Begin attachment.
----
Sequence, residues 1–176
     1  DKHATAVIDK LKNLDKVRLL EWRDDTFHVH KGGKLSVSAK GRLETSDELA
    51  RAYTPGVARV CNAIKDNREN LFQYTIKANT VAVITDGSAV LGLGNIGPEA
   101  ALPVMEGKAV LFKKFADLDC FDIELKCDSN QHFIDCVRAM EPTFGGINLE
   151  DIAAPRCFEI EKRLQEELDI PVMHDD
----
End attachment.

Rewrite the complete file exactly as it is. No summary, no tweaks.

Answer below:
Sequence, residues 1–176
     1  DKHATAVIDK LKNLDKVRLL EWRDDTFHVH KGGKLSVSAK GRLETSDELA
    51  RAYTPGVARV CNAIKDNREN LFQYTIKANT VAVITDGSAV LGLGNIGPEA
   101  ALPVMEGKAV LFKKFADLDC FDIELKCDSN QHFIDCVRAM EPTFGGINLE
   151  DIAAPRCFEI EKRLQEELDI PVMHDD